The sturdy cedar tables were installed recently at the park that is dedicated to all those who have served, and are serving, in the U.S. military. The park is located at 34th Street South and 24th Avenue.
The tabletops are extra long, extending beyond the length of the benches, to allow the wheelchair to pull in under each end, “so anyone in a wheelchair can sit side-by-side” with others, said Tjellesen, a Grand Forks native and Red River High School Class of ‘20 graduate.
Not only does the project fulfill a requirement to earn the Eagle Scout designation, it also “meant a whole lot to me because it is benefitting some of these vets, especially disabled vets, who served for the nation, and anyone who might be left out without this sort of accommodation – that was really important to me,” he said.
Inspiration for the tables came from veterans who are “close to my family,” said Tjellesen, who designed and built them during his senior year in high school. He attends NDSU, where he is double-majoring in computer science and philosophy.
When he was first considering the project, Tjellesen said a family friend and Veterans Memorial Park board member, Bobby Beauchamp, suggested he meet with the VMP board, which ultimately approved the idea.
“I was in charge of ordering materials,” he said, estimating that the total cost amounted to “a few thousand dollars.”
It took a couple of months to plan the project, get the design approved and then, because of COVID and other scheduling demands, it took a while to finish it.
The tables have been in storage until installation.
Input and support
Tjellesen worked with Veterans Memorial Park board members to refine his plans for the picnic tables, meeting frequently with the group for ideas and support. The VMP board covered the cost of materials, lumber and wood stain, he said.
In designing and building the tables, Tjellesen drew from knowledge and skills gained as a member of the theater department’s technical crew at Red River High School.
Tjellesen credits fellow members of Boy Scout Troop 13, through Holy Family Church, for help on the project.
“I got some of my friends from the Boy Scouts along the way to help me out, and I got a lot of mentoring from various leaders from our group,” he said, including Scoutmaster Bobby Dusso.
“I couldn’t have really done all that I did without them – the members helped me with the building (of the tables) and, of course, the scoutmaster and adult leaders all are great people.”
Veterans Memorial Park will be officially dedicated in a ceremony Sept. 11, when it will be formally turned over to the Grand Forks Park District.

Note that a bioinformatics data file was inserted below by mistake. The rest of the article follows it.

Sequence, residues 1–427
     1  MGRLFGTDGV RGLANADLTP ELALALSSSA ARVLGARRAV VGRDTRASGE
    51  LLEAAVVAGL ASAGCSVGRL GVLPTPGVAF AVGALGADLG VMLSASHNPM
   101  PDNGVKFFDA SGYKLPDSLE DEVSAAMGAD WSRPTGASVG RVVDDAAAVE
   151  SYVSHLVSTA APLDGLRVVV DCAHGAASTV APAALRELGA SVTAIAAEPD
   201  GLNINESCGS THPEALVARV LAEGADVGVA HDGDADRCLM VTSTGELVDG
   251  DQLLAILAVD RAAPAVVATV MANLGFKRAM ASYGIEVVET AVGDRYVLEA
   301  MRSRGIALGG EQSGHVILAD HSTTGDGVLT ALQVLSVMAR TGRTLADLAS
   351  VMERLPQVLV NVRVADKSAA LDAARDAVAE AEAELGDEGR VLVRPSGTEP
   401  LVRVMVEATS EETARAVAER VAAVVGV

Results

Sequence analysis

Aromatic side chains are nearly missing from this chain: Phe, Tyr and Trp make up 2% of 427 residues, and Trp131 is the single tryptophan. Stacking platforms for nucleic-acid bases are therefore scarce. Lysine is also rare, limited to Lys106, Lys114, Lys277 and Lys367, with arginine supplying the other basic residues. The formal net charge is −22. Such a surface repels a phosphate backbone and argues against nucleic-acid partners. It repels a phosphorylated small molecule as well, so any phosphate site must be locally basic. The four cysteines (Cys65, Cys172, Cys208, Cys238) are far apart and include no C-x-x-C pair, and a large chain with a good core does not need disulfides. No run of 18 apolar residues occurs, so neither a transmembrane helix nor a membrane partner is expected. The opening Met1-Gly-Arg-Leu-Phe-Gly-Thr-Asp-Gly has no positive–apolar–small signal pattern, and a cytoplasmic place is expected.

John Hanson, a co-founder of Veterans Memorial Park, and other park project leaders say they are pleased with the addition of the tables at the park.
“(Tjellesen) has made it possible for everyone to enjoy a picnic with family and friends,” said Hanson, commander of Grand Forks VFW Post 1874 and a past VFW state commander. “Because of his efforts, everyone can come and enjoy the park while relaxing at a picnic, then go to the (memorial) wall and see the history of veterans from the beginning of our nation …
“Alex has made this possible for the community and for anyone who stops by one of the shelters,” Hanson said. “This is proof of a young man paying forward, and his commitment to the community.”
The project for the Eagle Scout designation is meant not only to serve the community, but also to demonstrate leadership, said Tjellesen, whose experience in Scouting started early. He joined Cub Scouts in first grade – the earliest possible age to join – and Boy Scouts in sixth grade. That year he earned his first merit badge, in woodcarving.
“The Eagle Scout rank is only earned by the smallest percent of people who go through the Boys Scout organization, and so that distinction alone really goes to show the kind of dedication that it takes to earn the rank,” Tjellesen said.
“I really appreciate what the organization stands for and what it means to be an Eagle,” he said.
“During my Eagle Scout board review on my way to earn my rank, one of the board members said, ‘This is really just the beginning. Your Eagle Scout journey lasts throughout your lifetime.’
“Living by the code and the Scout law and Scout oath, it really helped shape me into what I am today.”
As he looked around Wednesday, July 7, at the tables he built, now awaiting visitors in shelters throughout the park, he said, “it means quite a lot to be part of this. There are a lot of vets in wheelchairs – and it’ll also be nice for others who are not wheelchair-bound.
“… I’m happy how they turned out.”